Education can be excruciating in the football domain. Celtic were taken to school by Valencia the other night. Ryan Christie, one of the home midfielders that made myriad mistakes, was provided with a painful tutorial in what it takes at this level by his direct opponent Dani Parejo.
The Spanish side’s captain was immaculate in orchestrating his team’s 2-0 Europa League victory that makes Thursday’s second leg of the last-32 tie in the Mestalla a mission impossible for Brendan Rodgers’ men.
Christie doesn’t intend to let his outings against Valencia pass without picking up pointers that he can use to progress as a player – starting with this afternoon’s trip to Kilmarnock.
“Going into the Valencia game, one of the things you’re looking forward to is coming up against top-class players,” he said. “And while we’re all really deflated and disappointed at the result, when you look back at it you need to make sure it’s not just a defeat, it’s something to learn from.
“It was frustrating. We started the game perfectly in our eyes, the first 15-20 minutes we dominated possession and looked like we could be a threat going forward. But to be fair to Valencia they came with a really good game plan. For a team to be playing 4-4-2, you’d think we could open them up but we found it so difficult to break them down and find spaces between their midfield.
“We can only blame ourselves, though, because at times our discipline on the ball and lack of control when we actually had it cost us in the end. It’s two counter-attacks we lose the goals from. We’re disappointed because we wanted a result at home.
“Towards the end of the first half and into the second when they were more dropping off the game we were forcing it, trying to break them down, and that’s when the mistakes came. They punished us for every mistake we made and we need to learn from that, because teams in Europe are going to do that to you. It’s a learning curve.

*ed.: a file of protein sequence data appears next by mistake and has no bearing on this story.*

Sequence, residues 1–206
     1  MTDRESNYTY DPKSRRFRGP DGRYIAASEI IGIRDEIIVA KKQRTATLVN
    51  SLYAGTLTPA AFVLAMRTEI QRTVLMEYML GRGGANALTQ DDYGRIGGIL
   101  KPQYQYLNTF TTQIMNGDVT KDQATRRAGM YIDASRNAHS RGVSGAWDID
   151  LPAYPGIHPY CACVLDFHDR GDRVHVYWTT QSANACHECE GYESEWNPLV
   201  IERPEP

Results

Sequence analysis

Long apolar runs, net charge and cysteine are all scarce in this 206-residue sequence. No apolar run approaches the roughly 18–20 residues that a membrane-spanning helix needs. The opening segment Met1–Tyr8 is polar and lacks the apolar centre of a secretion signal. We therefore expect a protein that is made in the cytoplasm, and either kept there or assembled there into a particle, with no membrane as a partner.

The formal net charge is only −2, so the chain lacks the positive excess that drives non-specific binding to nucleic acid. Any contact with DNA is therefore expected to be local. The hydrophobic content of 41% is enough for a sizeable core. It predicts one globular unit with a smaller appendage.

“But we don’t have much time to think about it, we need to switch on for Kilmarnock. But we’ll turn it around and be positive by the time we get to the game over there. If we get an early goal out there it changes everything so we’re far from completely out of it, although obviously we’ve given ourselves a hard task. We’ll try to learn from Thursday though.”
Celtic need to learn lessons about how to play Steve Clarke’s Kilmarnock on their own synthetic surface. In two meetings, the Ayrshire club have had the measure of them, generating the unusual statistic of back-to-back defeats for Rodgers’ men at the home of a Scottish opponent.
“We want to rectify that, you don’t want to have records like that anywhere so we’ll be up for it,” said the 23-year-old. “It’s been a hard place to go, and not just for us. We’re desperate to win it, though, not just for the sake of the league but also to bounce back from the Valencia loss. It’s always nice after a disappointment like that to have a game so quickly because all you want to do is get back out there and turn your momentum around.”
No opposition player would describe playing on the Rugby Park plastic as a “nice” experience. Christie, in common with many of his fellow pros, was content to sign the PFA Scotland asking for astroturf pitches to be banned from Scotland’s top flight.
“Ask any player and they’ll say they prefer grass to astroturf, but at the same time it’s been in the league for a few years and we’re all used to it,” the Highlander said. “We know at the start of every season we’ll have to play a few games on astroturf and you have to get used to it and change your game accordingly.”